Librarians at the UO are dedicated to providing research support to students, faculty members, and other researchers. From collaborating with faculty members and campus museums to teach undergrads about special collections to creating research guides and video tutorials to support instruction, UO librarians contribute to research in exciting, though sometimes less visible ways. Here, we spotlight several research-based endeavors our librarians have been supporting.
Choreographing for Opera Students
Ann Shaffer is a Music and Dance Librarian and an Instructor of Research Methods in the School of Music and Dance. She recently choreographed a belly dance sequence piece for the UO Opera Ensemble’s production of Giacomo Rossini’s L'Italiana in Algeri.
Shaffer began working with the performers in October to ensure she had plenty of time to choreograph and teach the piece before the performance in mid-February. Luckily, her students were so well versed in music, they were able to pick up the tempo and rhythm of this dance form quickly. Before even introducing the choreography, Shaffer spent a lot of time with the performers, teaching and nailing down the technique. Once they understood the flow of this kind of dance form, they started practicing the actual piece for the show.
During tech week, Shaffer had to make some slight choreography changes due to the stage having platforms and steps that they didn’t know about. Up until the last few days of rehearsal, the team worked incredibly hard to ensure it would be perfect. While the time crunch was stressful, she emphasized that this is a typical experience when putting on a production.
“There’s often going to be stuff you haven't planned for with the space or the layout or something. So, I’m glad we were able to actually get into the space and have multiple rehearsals in there,” she shared.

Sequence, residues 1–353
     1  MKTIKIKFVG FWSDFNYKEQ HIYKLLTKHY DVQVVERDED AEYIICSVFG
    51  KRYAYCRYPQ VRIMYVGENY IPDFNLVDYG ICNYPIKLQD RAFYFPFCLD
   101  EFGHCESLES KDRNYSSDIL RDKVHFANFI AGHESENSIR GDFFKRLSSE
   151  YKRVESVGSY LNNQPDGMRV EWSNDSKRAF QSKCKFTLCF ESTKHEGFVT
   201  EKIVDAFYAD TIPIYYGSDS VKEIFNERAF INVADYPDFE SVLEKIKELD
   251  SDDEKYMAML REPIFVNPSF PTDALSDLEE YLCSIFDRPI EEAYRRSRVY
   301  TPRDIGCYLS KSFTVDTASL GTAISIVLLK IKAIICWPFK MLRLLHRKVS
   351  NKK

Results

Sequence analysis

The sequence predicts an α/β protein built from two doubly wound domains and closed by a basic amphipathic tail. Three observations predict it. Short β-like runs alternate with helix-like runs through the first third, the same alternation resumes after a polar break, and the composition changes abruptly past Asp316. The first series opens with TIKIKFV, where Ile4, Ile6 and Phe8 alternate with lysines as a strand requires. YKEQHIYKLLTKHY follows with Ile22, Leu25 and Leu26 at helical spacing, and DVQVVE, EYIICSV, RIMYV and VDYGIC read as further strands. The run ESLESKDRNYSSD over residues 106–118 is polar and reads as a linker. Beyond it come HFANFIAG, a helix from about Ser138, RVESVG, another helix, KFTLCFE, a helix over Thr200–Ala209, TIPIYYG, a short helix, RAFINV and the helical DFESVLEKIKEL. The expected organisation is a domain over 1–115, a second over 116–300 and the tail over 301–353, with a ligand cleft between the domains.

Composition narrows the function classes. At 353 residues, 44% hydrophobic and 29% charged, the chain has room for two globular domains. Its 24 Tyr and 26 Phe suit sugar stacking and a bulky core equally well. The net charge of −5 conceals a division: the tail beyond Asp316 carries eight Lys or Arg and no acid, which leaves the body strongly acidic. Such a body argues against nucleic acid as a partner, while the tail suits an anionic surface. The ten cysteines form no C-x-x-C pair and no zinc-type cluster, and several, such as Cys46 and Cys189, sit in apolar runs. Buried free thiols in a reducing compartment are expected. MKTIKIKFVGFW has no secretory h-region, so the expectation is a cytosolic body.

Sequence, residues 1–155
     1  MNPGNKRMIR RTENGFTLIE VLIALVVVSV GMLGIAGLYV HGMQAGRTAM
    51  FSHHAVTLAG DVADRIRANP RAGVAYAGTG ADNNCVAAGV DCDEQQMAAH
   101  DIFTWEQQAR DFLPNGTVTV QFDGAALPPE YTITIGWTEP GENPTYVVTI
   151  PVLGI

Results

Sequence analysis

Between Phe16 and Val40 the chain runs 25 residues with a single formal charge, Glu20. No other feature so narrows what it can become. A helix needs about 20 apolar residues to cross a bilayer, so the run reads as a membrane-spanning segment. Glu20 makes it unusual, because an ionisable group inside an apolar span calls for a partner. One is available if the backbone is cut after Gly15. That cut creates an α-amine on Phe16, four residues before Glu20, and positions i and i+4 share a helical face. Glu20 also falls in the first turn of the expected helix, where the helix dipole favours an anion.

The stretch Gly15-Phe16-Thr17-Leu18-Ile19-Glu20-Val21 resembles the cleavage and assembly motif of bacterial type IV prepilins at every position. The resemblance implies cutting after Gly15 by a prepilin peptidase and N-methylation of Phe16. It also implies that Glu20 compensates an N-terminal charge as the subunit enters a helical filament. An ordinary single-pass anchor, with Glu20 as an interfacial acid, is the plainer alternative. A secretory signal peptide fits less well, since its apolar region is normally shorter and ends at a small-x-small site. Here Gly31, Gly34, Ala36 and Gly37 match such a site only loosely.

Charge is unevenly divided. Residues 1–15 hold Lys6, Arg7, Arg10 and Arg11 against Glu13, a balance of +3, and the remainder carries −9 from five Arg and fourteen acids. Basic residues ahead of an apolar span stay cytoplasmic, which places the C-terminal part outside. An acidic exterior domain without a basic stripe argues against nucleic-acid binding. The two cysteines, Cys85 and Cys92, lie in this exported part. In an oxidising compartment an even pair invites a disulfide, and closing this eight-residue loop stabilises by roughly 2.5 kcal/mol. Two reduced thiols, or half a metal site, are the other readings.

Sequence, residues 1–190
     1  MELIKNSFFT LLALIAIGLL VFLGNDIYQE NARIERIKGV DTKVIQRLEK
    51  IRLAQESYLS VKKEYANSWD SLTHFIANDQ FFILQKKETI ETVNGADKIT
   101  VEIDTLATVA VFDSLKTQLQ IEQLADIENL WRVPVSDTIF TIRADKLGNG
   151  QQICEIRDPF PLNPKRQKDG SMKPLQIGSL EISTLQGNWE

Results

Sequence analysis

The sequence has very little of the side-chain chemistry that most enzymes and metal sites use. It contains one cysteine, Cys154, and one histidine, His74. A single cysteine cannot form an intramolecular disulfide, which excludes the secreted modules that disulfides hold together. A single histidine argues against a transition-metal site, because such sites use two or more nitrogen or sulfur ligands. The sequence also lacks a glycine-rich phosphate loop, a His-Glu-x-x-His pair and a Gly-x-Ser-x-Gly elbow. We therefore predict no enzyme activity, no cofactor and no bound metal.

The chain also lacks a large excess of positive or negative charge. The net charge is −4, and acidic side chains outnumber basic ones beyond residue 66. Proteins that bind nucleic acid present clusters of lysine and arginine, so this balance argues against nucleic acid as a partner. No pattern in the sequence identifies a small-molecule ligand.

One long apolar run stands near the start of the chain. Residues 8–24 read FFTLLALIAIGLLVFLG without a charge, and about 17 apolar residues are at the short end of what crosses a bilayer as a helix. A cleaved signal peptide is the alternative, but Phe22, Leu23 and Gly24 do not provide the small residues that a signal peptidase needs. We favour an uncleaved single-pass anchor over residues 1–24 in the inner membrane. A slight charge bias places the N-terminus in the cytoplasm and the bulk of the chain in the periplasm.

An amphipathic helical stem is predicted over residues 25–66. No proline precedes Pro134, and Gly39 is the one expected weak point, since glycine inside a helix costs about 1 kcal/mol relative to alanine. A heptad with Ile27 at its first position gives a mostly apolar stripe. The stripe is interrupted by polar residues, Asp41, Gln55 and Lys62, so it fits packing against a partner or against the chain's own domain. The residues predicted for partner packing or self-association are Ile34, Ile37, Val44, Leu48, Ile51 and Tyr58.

Of the two shows put on, Shaffer attended the Friday evening one. Having never choreographed a piece for a big theatrical show, she loved seeing her contribution alongside so many moving parts.
“It was just really fun to watch them bring this to life in the context of the whole scene—with the staging, the lighting, and the props,” said Shaffer.
Working with students on this project not only allowed her to see them shine in the performance but, she said, it also gave her a better idea of what students in the School of Music and Dance are involved in. Spending time with them gave Shaffer insight about their areas of interest and let them know that she is readily available as a resource for any current or future research.
Building Research-Focused Writing Courses
Associate Librarian Bronwen Maxson who coordinates Undergraduate Engagement and Instructional Services has been co-chairing a task force to build online, asynchronous research tools for UO students.
The state of Oregon recently passed Senate Bill 233, from the 2021 regular session, which calls for higher education systems to adopt common course numbering. At UO, this would impact the curriculum for introductory writing courses such as Writing 122z, causing it to be more research focused than in the past.
The updated curriculum will go into effect this fall, so Maxson and seven other librarians on the task force are currently working on preparing and curating online tutorials that will teach students in WR 122 how to conduct effective research.
These tutorials will be multimodal including videos, text, and interactive quizzes. On top of showing students how to navigate the university's library search, these tools will also focus on utilizing Google for domain searches, Google Scholar, and more specialized databases for very specific research.
Maxson emphasized that these resources will really help students understand and execute every step of the research process.